OPINION: $10mil USD should build, not pay for, hotels

Taban Gabriel, Juba

The internet and mainstream media is still flooded with debate about a letter written by Juba hotel administrators regarding claims that the government owes them $10mil USD in accommodation arrears.

The hotels in questions include the Juba Crown Hotel, Royal Hotel, Radas, Ocean, Referenda Apartments among others. The aforementioned debt is said to belong to members of the National Transitional Committee (NTC) who have used Juba hotel accommodation since 2019.

The hotels signing the debt letter

The letter, dated 5th January, contains a reference line with sets forward an ‘urgent appeal for settlement of hotels’ accommodations arrears’. It is addressed to Tut Gatluak Manime, the Presidential Advisor for Security and chairperson of the NTC, and criticises the Government’s lack of response to similar letters dated the 2nd and 3rd November 2020.

The hotel owners urged the Government to quickly settle their debts or face eviction.

However, let’s get talking and allow me to apply the upright journalistic pyramid to this argument.

First of all, why was the NTC team accommodated in very expensive hotels for long periods of time, despite the majority having homes and families in Juba? Secondly, why has it taken so long for the NTC leadership to clear the claimed hotel debts?

I don’t want to breed noise here, but to be sincere; some of our leaders seems immune to criticism and are tormented by the spirit of feigned indifference. By feigned indifference I mean that they pretend not to care about a given situation. In other words, they are careless.

Why do I say this? Well, if the Government office in question truly cared about its image — and that of the whole Government — they would have cleared the debts long ago. The status quo would have been maintained, and the relationship between the Government and hotels restored before media coverage.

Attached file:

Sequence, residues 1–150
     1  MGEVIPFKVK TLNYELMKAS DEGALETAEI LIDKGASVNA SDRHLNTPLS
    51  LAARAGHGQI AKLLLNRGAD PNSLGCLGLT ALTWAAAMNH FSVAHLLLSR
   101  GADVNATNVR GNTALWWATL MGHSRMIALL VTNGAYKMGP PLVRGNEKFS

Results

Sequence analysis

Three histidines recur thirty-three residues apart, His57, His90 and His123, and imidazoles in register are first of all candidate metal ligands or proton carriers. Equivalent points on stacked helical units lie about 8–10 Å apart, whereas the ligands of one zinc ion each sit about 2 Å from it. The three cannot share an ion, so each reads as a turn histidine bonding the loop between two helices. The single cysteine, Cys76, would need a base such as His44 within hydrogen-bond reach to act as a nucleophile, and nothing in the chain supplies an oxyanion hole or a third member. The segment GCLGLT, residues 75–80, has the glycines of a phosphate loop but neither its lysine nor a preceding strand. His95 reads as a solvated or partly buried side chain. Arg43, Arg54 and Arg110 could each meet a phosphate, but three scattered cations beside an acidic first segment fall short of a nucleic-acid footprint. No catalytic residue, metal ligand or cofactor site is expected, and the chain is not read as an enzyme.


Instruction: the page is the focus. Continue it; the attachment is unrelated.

More generally, however, the amount of money in question is simply too much to be spending on hotel bills or individual politicians alone. $10mil USD should have been directed towards those thousands of displaced South Sudanese citizens struggling from the effects of flooding and tribal conflict, foreign refugees or civil servants suffering without pay. The $10mil USD would certainly have addressed some of these situations.

Equally, why is the Government not investing in its own hospitality infrastructure? Though small in writing, $10mil USD could build a number of guesthouses and hotels to accommodate public servants from across the country. The Sudanese government used to have something similar; the ‘Istiraha’. Our government could emulate this, and in doing so cut spending on private hotels.

The Juba Crown Hotel, a private hotel in the city. Rooms can cost up to $210 per night.

It is also worth mentioning that most private hotels in Juba are owned by foreigners. This ensures money earned is immediately wired away to foreign accounts, leaving our country dry. Aren’t we tired of being sucked empty by foreign investors?

The Ministry of Physical Infrastructure should really take note of this, and act to save the country from unnecessary spending.

The writer is a freelance journalist; for any queries about the article, he can be reached by email at gabronn2014@gmail.com.

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